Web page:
Crown of Thorns Pic

There seems to be a smorgasbord of “Christian” moves out this year from Son of God, Noah…I know, I know it was not Biblically accurate, and God’s Not Dead.  There is also one coming up called “Exodus:Gods and Kings” that I definitely want to watch.  If you have not seen the trailer yet check it out…

However, the movie I want to talk about today is “God’s Not Dead”.  I know that just from the title of my post some Christians are probably angry, annoyed, or disappointed that a pastor doesn’t like this movie.  They may even be wondering, “Is he really a Christian?  Is he really a pastor?”.  I resisted watching this movie at first because of other Christian movies that I had watched in the past…cough…Facing the Giants….Love Dare…cough that I thought were very cheesy and super cliche. Yet, I had a lot of Christians ask me, “Have you seen ‘God’s Not Dead’?  It is so good!”  I was a little unsure but I was at the movie store and I thought, “Hey, why not see what all the fuss is about.” Well needless to say I was disappointed in many parts of the movie.  I know that they did not have near as much money for production as big companies, but that honestly is not my chief complaint about the movie.  Yes, the acting was kind of lame but here were some of my main issues…

  • Was this a movie about God or a promo video/infomercial for the Newsboys?  I know the Newsboys helped fund this project and I have nothing against their music or message, but throughout the movie I just felt with the posters, t-shirts, the concert that the movie’s focus was a little till much of an infomercial to buy one of their cd’s or go to a concert of theirs.
  • Are all atheists jerks?  One thing that really stood out to me is that every person who was in the movie who did not believe in God or did not follow God were either super condescending, insensitive, mean, or just plain jerks.  Is that reality?  I don’t think so.  There are plenty of people that I know who would not call themselves Christians that are kind, caring, and considerate people.  Are there atheists out there that are insensitive, condescending, and jerks?  Yes, just as there are those out there who unfortunately call themselves Christians who act the same way.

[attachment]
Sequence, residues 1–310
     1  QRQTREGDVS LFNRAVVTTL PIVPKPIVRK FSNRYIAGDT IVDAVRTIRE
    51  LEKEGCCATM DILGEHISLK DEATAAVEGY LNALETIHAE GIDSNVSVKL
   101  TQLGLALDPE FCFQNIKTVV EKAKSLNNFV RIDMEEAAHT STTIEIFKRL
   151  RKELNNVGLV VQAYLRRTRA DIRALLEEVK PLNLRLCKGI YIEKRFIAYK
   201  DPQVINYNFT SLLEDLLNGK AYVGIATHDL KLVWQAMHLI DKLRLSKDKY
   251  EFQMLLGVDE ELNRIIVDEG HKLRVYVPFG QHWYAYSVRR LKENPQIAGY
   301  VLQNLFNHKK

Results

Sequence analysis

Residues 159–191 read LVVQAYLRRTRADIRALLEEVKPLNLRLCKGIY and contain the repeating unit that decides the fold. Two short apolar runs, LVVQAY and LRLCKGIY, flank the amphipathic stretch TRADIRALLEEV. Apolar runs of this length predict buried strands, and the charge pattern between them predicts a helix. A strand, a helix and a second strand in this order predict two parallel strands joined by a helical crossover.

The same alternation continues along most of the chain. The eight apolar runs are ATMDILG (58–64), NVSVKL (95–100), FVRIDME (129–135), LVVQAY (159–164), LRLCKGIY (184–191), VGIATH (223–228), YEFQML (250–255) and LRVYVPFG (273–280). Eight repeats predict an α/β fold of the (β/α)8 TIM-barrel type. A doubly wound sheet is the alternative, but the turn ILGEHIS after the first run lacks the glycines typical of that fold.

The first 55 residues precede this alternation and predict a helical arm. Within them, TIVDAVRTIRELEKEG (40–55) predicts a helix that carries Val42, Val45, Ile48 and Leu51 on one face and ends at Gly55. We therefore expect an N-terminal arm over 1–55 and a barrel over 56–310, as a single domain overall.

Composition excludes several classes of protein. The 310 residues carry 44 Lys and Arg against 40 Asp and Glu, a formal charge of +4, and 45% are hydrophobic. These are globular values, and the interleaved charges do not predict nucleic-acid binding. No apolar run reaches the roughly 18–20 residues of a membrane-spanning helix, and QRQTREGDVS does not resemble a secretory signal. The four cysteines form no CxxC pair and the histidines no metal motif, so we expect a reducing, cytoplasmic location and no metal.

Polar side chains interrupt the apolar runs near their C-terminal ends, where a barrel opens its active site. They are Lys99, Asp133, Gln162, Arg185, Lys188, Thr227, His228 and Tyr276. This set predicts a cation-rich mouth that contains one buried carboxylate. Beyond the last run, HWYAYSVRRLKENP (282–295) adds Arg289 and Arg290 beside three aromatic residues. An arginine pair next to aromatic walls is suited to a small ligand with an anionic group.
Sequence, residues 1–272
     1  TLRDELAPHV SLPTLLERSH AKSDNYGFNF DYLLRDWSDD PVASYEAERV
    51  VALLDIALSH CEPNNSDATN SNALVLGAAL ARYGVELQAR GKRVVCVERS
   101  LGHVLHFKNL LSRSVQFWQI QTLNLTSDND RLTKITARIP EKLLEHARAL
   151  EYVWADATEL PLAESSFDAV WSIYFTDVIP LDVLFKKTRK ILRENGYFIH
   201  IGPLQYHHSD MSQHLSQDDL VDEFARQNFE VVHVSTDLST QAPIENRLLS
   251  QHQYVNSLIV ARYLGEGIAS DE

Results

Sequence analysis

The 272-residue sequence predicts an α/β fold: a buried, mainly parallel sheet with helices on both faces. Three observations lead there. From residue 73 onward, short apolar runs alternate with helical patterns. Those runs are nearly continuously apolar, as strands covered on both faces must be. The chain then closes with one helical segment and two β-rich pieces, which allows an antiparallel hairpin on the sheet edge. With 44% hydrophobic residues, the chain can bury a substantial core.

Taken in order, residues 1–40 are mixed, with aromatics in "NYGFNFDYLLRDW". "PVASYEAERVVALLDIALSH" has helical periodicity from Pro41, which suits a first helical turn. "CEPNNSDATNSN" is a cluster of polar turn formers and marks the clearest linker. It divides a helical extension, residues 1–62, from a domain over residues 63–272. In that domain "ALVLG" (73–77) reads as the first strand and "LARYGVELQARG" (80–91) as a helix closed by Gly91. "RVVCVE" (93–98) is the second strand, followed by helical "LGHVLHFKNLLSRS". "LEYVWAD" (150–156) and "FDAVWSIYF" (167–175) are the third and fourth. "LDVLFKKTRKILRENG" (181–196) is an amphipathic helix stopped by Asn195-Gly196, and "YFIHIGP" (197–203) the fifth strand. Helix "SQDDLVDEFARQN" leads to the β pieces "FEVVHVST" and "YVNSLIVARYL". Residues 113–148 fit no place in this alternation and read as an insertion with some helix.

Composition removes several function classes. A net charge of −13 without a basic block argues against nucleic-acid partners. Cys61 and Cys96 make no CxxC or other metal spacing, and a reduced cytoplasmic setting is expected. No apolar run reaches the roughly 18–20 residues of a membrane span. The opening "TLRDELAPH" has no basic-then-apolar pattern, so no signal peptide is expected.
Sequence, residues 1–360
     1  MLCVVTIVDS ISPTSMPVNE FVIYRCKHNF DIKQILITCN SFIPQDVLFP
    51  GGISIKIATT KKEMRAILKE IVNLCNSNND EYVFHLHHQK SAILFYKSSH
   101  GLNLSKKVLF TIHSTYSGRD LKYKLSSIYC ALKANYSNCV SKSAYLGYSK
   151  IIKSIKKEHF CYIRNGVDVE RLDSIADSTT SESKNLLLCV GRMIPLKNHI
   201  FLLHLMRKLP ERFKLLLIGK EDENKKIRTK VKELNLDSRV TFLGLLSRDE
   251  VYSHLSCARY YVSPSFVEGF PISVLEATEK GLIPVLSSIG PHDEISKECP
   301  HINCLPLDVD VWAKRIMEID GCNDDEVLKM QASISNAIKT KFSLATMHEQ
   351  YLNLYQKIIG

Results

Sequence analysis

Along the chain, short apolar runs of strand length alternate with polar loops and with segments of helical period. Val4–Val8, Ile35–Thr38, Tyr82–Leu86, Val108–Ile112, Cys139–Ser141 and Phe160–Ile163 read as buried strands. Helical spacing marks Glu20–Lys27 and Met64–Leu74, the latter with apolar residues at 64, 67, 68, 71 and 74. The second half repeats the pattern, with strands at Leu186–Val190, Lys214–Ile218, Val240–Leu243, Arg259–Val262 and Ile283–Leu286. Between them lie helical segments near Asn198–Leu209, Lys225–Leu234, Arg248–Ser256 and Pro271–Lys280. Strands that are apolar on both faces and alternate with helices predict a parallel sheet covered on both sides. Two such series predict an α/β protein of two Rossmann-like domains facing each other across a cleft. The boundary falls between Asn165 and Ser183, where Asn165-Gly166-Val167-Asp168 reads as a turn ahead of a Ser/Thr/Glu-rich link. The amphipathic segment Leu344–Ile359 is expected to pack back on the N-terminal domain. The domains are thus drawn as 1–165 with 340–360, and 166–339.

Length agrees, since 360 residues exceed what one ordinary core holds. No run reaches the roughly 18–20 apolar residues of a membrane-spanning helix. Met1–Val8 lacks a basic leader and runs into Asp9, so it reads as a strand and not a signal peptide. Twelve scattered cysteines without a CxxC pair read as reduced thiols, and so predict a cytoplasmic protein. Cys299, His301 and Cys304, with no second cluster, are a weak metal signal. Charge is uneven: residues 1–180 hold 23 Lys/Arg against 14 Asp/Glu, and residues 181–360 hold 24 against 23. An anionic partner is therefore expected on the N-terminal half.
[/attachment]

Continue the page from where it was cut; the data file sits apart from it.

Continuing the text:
• Super-Cliche!  As a Christian I sat watching this movie and several times I just shook my head and laughed out loud at the way they portrayed the professor, the main Christian guy, his girlfriend, and various other characters in the movie.  Does this mean that people in real life don’t act this way sometimes?  Of course not, but I think the movie portrayed those not of the faith and those who were Christian in a very stereotypical way.  It is funny that as Christians we get upset when movies portray us as “Overly judgmental, hypocritical, narcissistic jerks” but then we portray others in that same light.
  •  The freshmen student stumped the long standing professor?  Let me say that I believe God is Alive, I believe that Jesus Christ is the way, the truth, and the life, and while I believe there is support for these claims I also acknowledge that it requires us to have faith to follow Jesus.  The funny thing to me was that this 18 year old college freshmen was able to completely stump a long standing philosophy professor.  The illustrations that the young man gave in class were good, but I also think the professor would have had more significant rebuttals to those ideas.  I don’t think the professor would have let the student off the hook that easy. I know this is just a movie and they had to wrap things up so the movie wouldn’t be 4 hours long but I also believe they too easily tied a pretty bow on the topics and quickly solved all of the issues.
  •  Are people just atheists because of past traumas?  This seemed to be the case that the movie was making.  That it was not because of science or well thought out ideas that people were atheists, but it was because they had some hidden trauma that they had not dealt with in their life.  That they “really” believed in God but they were just mad at him.  As I said I believe Jesus is real, I believe Jesus is alive, I know that God has changed my life, yet I also know others still sincerely struggle with this or believe it not to be true.  While for some trauma might have caused those beliefs, yet for some it was because they do not believe there to be proof to support the claims of Jesus Christ.  Why did the movie have to portray people who do not believe in God as people with unresolved trauma and not just someone who disagrees with the Christian point of view?

I am a Christian, I love God, and I am a pastor.  I believe that God desires for us to be reconciled to him through Jesus Christ, and through Jesus Christ we are forgiven our sins and have new life in him.  Yet, I also believe this movie is a poor representation of Christianity and a poor representation of atheists.  God’s Not Dead but as for the movie I believe their are plenty of other movies out that give a better portrayal of God, Christians, and Atheists.